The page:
The friendship starts off great. A casual encounter sparks a conversation that turns into coffee, cocktails, and then double date. There is a natural connection with mutual likes, acquaintances, and even occupations. Yet, something is off. All logic dictates that this should be the start of a beautiful friendship so what is the problem? Sometimes the key to a great relationship is in knowing whom to avoid. The wrong friend can be the difference between supportiveness and destructiveness. So how can a person navigate through a different personality? Here are ten types of friends to avoid.
- Blamers. Mark is fuming over his wife’s recent purse purchase. Over the past few years, their financial situation had declined and Mark blamed his wife for the overspending. However, he recently purchased a new boat instead of a used one but he was blaming his wife and not taking responsibility for his spending. Blame shifters hate to take responsibility for any error because they believe this makes them look weak or vulnerable.
- Complainers. Susie has a new complaint about work nearly every time. The deadline was unrealistic. The bathroom is dirty. Worse yet, she criticizes any new idea or process well before it is tested or implemented. Just being around her is exhausting. Underneath the complaining is actually attention-seeking behavior and a desire to be kept at the center of the discussion.
- Hoarders. John learns about a new technique that reduces his work-out. But he refuses to share his knowledge with his friends or shares only a small portion of his new routine. Information hoarding is a passive-aggressive way of outshining the perceived competition. Secretly, it demonstrates anger that John is able to figure out something his friends cannot therefore only he should benefit from the knowledge. Additionally, by withholding key information, it forces others to rely on him for expertise.
- Guilt-trippers. It is not just moms who guilt-trip. Ann tries to encourage her neighborhood friends to participate in a holiday-themed competition by saying that their property values could be in jeopardy if they couldn’t outshine the other neighborhoods. She takes it even further by pulling one friend aside to say that their decorations are bringing down the whole neighborhood. The use of guilt as motivation is the lazy way to inspire friends.
- Wisenheimers. During a dinner, Steven can’t resist the opportunity to demonstrate his superior knowledge by cutting others off and inserting his opinion about the latest political issue. He comes across as a know-it-all who frequently irritates others with useless details and indisputable facts. Wisenheimers are often deeply insecure people who believe their knowledge is the only way they can stand out from the crowd.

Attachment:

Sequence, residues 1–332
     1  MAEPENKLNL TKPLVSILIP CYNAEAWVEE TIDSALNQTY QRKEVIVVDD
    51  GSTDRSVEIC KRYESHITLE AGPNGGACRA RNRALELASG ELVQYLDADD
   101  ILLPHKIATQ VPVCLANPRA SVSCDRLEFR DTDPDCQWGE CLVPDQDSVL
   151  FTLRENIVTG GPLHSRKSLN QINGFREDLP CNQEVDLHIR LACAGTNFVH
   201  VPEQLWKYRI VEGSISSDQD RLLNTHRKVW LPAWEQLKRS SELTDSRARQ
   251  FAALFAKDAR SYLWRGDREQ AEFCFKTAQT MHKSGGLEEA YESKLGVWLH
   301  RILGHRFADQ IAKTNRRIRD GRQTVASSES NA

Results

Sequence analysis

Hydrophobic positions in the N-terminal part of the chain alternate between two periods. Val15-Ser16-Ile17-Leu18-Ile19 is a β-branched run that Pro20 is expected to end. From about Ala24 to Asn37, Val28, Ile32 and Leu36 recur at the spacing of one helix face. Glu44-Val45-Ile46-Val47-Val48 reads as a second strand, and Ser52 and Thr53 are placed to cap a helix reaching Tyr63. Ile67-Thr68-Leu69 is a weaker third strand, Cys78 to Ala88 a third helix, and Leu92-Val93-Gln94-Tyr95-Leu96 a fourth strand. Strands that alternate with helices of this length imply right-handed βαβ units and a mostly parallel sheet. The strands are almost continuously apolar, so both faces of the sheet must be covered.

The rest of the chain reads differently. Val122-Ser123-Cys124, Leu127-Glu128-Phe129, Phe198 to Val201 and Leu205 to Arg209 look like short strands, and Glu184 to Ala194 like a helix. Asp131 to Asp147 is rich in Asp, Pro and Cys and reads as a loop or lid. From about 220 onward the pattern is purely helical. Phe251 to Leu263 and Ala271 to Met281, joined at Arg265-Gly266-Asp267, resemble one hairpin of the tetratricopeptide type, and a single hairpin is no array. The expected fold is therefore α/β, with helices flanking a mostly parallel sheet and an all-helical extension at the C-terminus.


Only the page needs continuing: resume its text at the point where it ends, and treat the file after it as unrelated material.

- Braggers. Marie comes back from a Yellowstone vacation excited about her latest adventure. But as she attempts to share her travel stories, her friend interrupts with a more adventurous vacation, better hotel accommodations, and prettier views. She seals the demoralization by sharing her pictures while criticizing Marie’s photos. Braggers can’t stand to be out shown and frequently resort to belittling others.
- Deceivers. Ken’s confidence and smile have a way of disarming just about anyone. He seems to evade blame, deflect accountability, and artfully manipulate others with the greatest of ease. When friends start to see through the illusion of perfection, he manages to move up the friendship ladder to another level. A person, who looks too good to be true, probably is. Deceivers like to cover up their true intentions.
- Close-lippers. Silence is not always golden. Beth remains silent at parties, refusing to offer any input even when prompted. Instead, she stares at her friends like a tiger studying their prey. Her patience in waiting for the right moment to attack is well-thought-out and happens when others least expect it. Close-lippers have learned that silence can be equally controlling as verbal bullying.
- Big-talkers. The opposite of a close-lipper is a big-talker. Allen talks a big game to his friends about how well he is connected within the community and his corporation. His list of conquests grows by the minute as he overinflates his numbers to everyone. Any attempt to bring him back to reality is countered with accusations of negativity and jealousy. Big-talkers are afraid of being seen for whom they really are and use their calculated numbers to intimidate the competition.
- Ragers. Last but not least are the ragers. Tina is furious and embarrassed that a friend privately confronted her about an off-handed comment. So she takes her anger out on her other friends by verbally assaulting nearly everyone in her path. Nothing is off-limits including things that happened last year, personality differences, and how a person dresses. Tina obviously has poor anger management skills which really is a mask for deeper personal issues.
Being able to quickly identify these types of personalities in friendship circles and learn how to avoid them could be a relationship saver. Good friends are a blessing but bad ones can be destructive.